Sally Albright and Harry Burns share a car ride from Chicago to New York upon graduating from college. After determining they can never be friends because Sally can’t order pie in one sentence and Harry’s a jerk or something, she drops him off at the park and they go their separate ways. One of Nora Ephron’s best and one of my personal favorites.
Robert Neville is the last remaining survivor after a viral plague wipes out most of the population and turns the rest into zombies with a temper not to be messed with. At least his fortress of solitude has one hell of a view. Too bad he’s forced to blow it up in the climax of the film.
Before half of Glee actually picked up and moved to New York, it was the season 2 finale that brought our favorite student singers to the Big Apple. They sang their way across Manhattan, which included a pit stop on a bench under the arch at 1:20.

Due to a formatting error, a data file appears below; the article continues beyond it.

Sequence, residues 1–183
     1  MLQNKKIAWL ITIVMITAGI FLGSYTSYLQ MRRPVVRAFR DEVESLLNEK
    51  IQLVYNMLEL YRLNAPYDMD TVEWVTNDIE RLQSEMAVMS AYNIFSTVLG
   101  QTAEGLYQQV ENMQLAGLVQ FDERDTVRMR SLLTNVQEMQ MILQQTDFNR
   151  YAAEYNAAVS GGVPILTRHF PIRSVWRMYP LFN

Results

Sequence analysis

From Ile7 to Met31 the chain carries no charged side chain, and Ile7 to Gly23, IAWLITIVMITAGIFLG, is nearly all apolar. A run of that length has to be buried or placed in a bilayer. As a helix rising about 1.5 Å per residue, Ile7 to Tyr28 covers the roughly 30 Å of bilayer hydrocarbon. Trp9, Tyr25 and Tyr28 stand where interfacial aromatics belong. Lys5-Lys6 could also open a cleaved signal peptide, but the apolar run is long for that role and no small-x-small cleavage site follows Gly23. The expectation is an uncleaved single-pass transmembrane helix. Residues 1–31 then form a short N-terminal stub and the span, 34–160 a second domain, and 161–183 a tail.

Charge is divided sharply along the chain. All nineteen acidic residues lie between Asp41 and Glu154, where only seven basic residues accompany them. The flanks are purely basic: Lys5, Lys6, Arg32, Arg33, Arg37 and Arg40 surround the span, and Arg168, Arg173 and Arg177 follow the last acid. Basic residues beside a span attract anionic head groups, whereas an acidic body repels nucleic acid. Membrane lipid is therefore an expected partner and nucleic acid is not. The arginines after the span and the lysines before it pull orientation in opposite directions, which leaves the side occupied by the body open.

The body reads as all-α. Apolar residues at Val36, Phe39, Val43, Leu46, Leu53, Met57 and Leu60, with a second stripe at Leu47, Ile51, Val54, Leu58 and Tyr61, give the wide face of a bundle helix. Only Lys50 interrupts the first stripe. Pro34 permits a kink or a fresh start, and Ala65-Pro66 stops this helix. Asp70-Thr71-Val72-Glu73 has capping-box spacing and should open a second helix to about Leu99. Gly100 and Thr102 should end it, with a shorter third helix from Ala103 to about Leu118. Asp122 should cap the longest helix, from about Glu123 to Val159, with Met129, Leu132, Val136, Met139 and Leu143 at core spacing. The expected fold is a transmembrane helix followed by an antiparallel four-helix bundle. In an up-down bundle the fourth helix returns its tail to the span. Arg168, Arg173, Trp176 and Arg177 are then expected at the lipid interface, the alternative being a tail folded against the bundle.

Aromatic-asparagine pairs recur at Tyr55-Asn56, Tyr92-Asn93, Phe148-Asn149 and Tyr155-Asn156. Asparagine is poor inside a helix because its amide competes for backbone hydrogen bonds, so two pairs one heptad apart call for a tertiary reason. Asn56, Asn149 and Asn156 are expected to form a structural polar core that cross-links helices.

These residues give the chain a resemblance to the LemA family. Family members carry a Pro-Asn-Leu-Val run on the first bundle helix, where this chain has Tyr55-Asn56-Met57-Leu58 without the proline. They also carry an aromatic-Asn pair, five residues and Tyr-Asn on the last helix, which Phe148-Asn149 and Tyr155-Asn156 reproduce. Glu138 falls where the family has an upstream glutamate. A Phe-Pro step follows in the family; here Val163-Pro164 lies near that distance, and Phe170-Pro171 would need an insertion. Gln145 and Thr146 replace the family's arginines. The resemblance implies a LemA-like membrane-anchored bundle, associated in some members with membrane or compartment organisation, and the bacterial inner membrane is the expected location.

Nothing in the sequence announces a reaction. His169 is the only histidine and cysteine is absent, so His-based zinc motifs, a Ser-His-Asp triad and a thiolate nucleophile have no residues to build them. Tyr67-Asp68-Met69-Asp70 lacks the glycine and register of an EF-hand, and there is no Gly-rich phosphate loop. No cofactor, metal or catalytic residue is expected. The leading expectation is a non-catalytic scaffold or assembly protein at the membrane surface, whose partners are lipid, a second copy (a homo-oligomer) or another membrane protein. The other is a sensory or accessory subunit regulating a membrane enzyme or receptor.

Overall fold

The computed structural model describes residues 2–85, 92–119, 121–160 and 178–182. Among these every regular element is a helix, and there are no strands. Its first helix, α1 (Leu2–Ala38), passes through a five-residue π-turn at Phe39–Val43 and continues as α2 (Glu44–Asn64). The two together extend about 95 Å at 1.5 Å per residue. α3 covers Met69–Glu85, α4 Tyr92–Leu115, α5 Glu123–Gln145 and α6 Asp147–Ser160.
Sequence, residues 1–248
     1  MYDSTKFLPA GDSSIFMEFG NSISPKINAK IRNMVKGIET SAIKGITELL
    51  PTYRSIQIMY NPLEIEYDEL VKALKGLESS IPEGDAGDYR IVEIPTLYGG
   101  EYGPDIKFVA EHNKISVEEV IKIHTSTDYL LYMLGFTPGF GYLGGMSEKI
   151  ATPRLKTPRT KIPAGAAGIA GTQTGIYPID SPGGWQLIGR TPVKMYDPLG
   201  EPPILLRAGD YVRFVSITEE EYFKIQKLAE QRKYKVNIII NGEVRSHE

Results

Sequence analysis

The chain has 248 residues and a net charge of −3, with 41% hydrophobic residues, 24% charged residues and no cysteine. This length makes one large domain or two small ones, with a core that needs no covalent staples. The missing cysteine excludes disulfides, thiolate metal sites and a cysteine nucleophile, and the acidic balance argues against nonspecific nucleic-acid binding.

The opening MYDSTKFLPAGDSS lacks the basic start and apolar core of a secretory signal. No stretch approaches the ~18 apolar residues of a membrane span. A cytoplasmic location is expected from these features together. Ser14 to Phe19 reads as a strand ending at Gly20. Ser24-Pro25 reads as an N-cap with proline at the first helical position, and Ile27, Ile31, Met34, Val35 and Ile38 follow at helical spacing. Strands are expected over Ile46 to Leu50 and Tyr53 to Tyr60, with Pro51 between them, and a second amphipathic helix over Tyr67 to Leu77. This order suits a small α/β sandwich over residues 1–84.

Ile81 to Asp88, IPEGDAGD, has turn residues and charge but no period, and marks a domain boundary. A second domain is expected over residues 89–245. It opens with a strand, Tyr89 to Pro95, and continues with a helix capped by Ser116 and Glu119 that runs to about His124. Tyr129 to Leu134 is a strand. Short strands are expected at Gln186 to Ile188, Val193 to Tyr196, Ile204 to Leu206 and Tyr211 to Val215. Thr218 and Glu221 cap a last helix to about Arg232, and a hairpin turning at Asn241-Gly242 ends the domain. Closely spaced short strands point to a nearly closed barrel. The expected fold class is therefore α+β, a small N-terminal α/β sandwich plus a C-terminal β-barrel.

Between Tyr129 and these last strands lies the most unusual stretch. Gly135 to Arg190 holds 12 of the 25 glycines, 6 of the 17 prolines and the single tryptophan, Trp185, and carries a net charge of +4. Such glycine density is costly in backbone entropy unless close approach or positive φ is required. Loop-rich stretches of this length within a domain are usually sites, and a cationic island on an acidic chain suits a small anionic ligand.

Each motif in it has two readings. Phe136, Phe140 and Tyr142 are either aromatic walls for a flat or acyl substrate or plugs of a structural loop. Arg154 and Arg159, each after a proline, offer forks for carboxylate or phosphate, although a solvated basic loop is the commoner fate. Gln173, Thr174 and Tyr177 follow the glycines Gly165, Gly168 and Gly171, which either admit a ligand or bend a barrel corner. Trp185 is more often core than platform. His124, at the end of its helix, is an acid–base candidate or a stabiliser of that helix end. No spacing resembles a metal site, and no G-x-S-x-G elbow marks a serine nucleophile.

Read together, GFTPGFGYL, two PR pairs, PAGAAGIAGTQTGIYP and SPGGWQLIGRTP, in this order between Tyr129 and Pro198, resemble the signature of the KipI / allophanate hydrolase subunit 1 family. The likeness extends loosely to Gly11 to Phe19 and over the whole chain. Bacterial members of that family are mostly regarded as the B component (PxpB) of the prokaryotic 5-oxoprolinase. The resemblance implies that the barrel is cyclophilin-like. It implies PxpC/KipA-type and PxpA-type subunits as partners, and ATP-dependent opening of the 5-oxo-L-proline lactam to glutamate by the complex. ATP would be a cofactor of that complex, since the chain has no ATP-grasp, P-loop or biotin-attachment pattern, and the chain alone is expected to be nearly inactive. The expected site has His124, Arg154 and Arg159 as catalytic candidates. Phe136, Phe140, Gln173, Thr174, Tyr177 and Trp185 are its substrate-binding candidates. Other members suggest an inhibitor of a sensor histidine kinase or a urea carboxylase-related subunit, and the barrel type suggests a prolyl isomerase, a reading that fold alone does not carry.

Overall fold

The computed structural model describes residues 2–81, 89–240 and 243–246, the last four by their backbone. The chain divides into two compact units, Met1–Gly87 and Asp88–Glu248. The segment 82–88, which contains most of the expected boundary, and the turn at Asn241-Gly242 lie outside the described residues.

Then in the season 4 premiere, Rachel and Kurt reunited near the fountain (with fans watching from behind barricades, cameras at the ready).
Evan (“August”) meets a musician in the park who, unbeknownst to both of them, is actually his biological father. They test out each others’ guitars, engaging in a little musical duel.
I was going to include the episode of Gilmore Girls where Rory visits Jess and finds him in the park, where he says he likes to read. Then I watched the scene more closely, went on IMDb, and realized it was filmed in Burbank. Still, a name drop.
Can you think of any more film appearances from the Washington Arch?
Are you a New York lover? What are your favorite spots to visit?
P.S. As an added bonus, we also found ourselves at the corner of Bedford and Grove on the tour, which is the building they used as the exterior for the Friends’ apartments.
Photo by Danielle S. Tepper.